10. ^ "Archived copy". Archived from the original on 2016-04-24. Retrieved 2016-05-10.{{cite web}}: CS1 maint: archived copy as title (link)
  11. ^ "Amazon Turk FAQ". Retrieved 2013-02-12.
  12. ^ Samasource, "Samasource Services". http://samasource.org/services/ Archived 2013-02-13 at the Wayback Machine, Retrieved February 12, 2013
  13. ^ "Official Mechanical Turk Steve Fossett Results". 2007-09-24. Retrieved 2013-02-12.
  14. ^ "The Pros and Cons of Amazon Mechanical Turk for Scientific Surveys". scientificamerican.com. 2007-07-07. Retrieved 2013-02-12.
  15. ^ Robert Munro, CTO of GVF. "CrowdFlower's Customers — CrowdFlower". Crowdflower.com. Retrieved 2012-02-06.
  16. ^ Mahajan, N. (2010, November 05). Crowdflower gets gamers to do real work for virtual pay. Retrieved from http://missionlocal.org/2010/11/crowdflower/
  17. ^ "Online labor pool: New work model or digital sweatshop?: A unregulated piecework industry is expanding on the Internet with a growing workforce". Portland Press Herald. 17 May 2012. ProQuest 1014017150.
  18. ^ a b c Ross, J; Irani, L; Silberman, M.S.; Zaldivar, A; Tomlinson, B (2010). "Who are the Crowdworkers? Shifting Demographics in Mechanical Turk". CHI 2010.
  19. ^ "Samasource mission statement". samasource.org. Archived from the original on 2013-02-13. Retrieved 2013-02-12.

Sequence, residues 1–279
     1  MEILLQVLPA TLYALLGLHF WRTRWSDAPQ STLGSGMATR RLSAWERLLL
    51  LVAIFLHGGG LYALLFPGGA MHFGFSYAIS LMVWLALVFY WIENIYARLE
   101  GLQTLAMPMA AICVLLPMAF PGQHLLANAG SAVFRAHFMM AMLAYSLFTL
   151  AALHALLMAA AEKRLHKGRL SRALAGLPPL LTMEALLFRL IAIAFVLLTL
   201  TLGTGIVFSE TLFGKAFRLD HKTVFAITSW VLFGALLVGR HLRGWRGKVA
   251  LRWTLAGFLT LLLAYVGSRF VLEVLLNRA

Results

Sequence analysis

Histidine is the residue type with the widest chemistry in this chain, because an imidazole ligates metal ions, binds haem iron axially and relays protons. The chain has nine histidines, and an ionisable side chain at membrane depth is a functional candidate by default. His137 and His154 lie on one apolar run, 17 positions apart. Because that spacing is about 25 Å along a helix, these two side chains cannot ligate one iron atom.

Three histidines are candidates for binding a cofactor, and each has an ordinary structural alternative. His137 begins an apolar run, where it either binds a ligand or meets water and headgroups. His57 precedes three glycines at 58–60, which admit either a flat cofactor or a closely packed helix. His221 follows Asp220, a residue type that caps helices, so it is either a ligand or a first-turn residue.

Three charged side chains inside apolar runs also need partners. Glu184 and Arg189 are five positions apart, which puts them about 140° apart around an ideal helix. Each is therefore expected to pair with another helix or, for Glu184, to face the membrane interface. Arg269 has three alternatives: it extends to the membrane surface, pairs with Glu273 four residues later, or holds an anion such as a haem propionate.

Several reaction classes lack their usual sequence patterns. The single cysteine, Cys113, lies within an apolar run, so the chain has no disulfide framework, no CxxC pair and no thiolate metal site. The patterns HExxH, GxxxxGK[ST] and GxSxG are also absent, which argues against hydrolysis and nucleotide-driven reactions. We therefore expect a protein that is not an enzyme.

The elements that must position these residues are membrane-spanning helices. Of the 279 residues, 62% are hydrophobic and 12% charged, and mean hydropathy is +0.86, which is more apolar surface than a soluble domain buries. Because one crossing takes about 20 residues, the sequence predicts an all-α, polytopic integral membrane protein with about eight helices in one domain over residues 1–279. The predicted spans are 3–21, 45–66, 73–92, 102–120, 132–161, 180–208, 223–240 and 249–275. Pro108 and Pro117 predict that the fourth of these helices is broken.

20. ^ Jacobs, Deborah L. "Elena Kvochko, Companies Outsource Work to Freelancers Through The Cloud". Forbes. Retrieved 2013-08-25.
  21. ^ Lynch, A. (2012, December 08). Crowdsourcing is booming in asia. Retrieved from https://techcrunch.com/2012/12/08/asias-secret-crowdsourcing-boom/
  22. ^ Horton, John J. (April 2011). "The condition of the Turking class: Are online employers fair and honest?". Economics Letters. 111 (1): 10–12. arXiv:1001.1172. doi:10.1016/j.econlet.2010.12.007. S2CID 37577313.
  23. ^ a b Amazon Mechanical Turk: The Digital Sweatshop Ellen Cushing Utne Reader January–February 2012:
  24. ^ a b Harris, Mark (2008-12-21). "Email from America". London: Sunday Times.
  25. ^ Gillis, Alex (2001). "Digital sweatshops". This. Toronto. 34 (4): 6. ProQuest 203549187.
  26. ^ "Minimum Wage Check".
  27. ^ "The Guardian view on microworking: younger, educated workers left powerless | Editorial". the Guardian. 2022-08-21. Retrieved 2022-09-22.
  28. ^ Graham, Mark; Anwar, Mohammed Amir (2018). "Digital Labour". Digital Geographies. Sage. SSRN 2991099.
  29. ^ a b Graham, F. (2010, October 21). Crowdsourcing work: Labour on demand or digital sweatshop?. Retrieved from https://www.bbc.co.uk/news/business-11600902

Further reading edit